By David Light, PT, DPT, MTC
Director, Regional Physiotherapy Centre School of Massage Therapy
Iliotibial Band Syndrome (ITBS) is one of the most common overuse injuries among runners. It can also be seen in cyclists, hikers and weight lifters, particularly with heavy squats but is one of the leading causes of lateral knee pain in the running population. ITBS can also be known as ITBFS, Iliotibial Band Friction Syndrome although the exact mechanics of the injury / condition are well debated in the research. The iliotibial band is a thick band of fascia extending from the outside of the pelvis, over the hip and knee, and inserting at the knee. The band is a key knee stabilizer during running, as it moves from behind the femur to the front of the femur during activity. The continual rubbing of the band over the lateral femoral epicondyle, combined with the repeated flexion and extension of the knee during running is thought to be the source of inflammation. However, the root cause may stem from hip abductor weakness. If the gluteus medius, or other hip abductors are weak, the tensor fascia latae compensates resulting in an overworked TFL along with a tight ITB.
ITBS symptoms range from a burning sensation just above the knee, to swelling or thickening of the tissue in the area where the band moves over the femur. The stinging sensation just above the knee joint is felt on the outside of the knee or along the entire length of the iliotibial band. Pain may not occur immediately during activity, but may intensify over time. Pain is most commonly felt when the foot strikes the ground, and pain may also persist after activity. Pain may also be present below the knee, where the ITB attaches to the tibia.
Treatment for ITBS is typically conservative. Initially, in the acute stage, rest or relative rest is critical. During lighter activity, using superficial heat and stretching prior to exercise is recommended. However, if the injury is severe, avoiding heat initially would be prudent. Post activity, ice packs or ice massage will help to decrease soreness. Physical therapy treatment in the acute stage may include modalities such as phonophoresis or iontophoresis in addition to cryotherapy to decrease the inflammation.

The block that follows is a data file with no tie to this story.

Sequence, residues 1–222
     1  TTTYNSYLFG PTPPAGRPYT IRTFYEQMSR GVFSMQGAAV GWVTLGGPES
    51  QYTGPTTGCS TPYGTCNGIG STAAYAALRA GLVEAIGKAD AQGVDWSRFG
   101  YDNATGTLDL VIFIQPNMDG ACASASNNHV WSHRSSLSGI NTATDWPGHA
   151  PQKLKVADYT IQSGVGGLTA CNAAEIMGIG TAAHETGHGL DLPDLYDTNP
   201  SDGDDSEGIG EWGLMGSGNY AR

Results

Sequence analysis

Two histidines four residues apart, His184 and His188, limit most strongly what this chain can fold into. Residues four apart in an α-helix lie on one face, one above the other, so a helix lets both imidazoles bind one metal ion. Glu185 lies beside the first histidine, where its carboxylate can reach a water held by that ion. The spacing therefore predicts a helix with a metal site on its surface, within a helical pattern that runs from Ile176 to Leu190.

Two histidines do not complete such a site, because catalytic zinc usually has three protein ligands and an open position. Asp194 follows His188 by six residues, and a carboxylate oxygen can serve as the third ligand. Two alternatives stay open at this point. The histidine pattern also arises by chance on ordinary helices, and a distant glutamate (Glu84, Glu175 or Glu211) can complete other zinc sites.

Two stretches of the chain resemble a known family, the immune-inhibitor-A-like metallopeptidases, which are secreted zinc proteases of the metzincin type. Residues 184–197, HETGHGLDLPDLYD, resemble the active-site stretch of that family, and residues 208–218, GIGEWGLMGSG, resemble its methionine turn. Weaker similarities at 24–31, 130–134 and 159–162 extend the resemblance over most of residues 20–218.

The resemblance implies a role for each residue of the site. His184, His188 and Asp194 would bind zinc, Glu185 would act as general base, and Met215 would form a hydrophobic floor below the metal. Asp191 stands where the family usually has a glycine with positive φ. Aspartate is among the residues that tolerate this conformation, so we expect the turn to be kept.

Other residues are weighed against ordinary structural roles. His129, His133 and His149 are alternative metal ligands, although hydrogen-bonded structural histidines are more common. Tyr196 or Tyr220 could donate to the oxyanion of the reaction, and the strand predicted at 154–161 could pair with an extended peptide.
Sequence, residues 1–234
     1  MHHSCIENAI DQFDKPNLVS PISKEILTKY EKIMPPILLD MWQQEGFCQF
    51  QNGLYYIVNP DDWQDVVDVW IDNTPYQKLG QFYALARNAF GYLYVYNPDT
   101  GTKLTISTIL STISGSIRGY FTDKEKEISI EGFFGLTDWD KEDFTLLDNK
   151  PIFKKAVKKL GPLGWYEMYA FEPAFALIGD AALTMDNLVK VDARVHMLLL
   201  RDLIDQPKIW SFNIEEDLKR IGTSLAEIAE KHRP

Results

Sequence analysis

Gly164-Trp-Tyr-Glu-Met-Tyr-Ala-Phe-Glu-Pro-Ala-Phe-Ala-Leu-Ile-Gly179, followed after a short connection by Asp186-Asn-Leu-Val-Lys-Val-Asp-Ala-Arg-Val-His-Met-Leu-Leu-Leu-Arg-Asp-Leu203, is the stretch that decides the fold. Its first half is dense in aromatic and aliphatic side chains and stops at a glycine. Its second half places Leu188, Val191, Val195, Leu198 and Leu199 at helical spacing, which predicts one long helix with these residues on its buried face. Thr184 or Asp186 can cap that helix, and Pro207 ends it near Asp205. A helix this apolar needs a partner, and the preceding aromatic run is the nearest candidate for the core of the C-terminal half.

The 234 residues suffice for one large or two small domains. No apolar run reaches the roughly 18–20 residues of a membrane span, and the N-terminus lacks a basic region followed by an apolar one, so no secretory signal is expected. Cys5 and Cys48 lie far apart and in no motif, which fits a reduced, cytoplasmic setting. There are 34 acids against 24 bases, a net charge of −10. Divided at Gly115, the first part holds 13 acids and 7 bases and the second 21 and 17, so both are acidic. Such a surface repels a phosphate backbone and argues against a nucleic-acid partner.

Once out of the acute phase, there are a number of options available to treat ITBS, massage being one of them. The aim of sports massage would be to release tension in the muscle and fascia and stimulate blood flow to accelerate healing. The ITBS actually begins as the tensor fascia latae muscle and has attachments at the origin from the gluteus medius, gluteus minimus and vastus lateralis. With this condition, there can be significant involvement of the gluteus maximus as well. Massage therapy to the muscles that make the ITB tight can go a long way toward alleviating the symptoms and helping to prevent reoccurrence. Regular deep tissue sports massage performed by a licensed massage therapist can help avoid future muscle strains and inflammation by increasing flexibility. The application of myofascial release has also proven effective in restoring flexibility to hypertonic tissue. Specialized techniques to further lengthen the IT Band are useful as well. Given ITBS can become an ongoing problem, it is well worth the time to find a licensed massage therapist with considerable experience treating sports injuries in order to obtain the best outcome.
Massage Therapy as Treatment for ITB Syndrome
By David Light, PT, DPT, MTC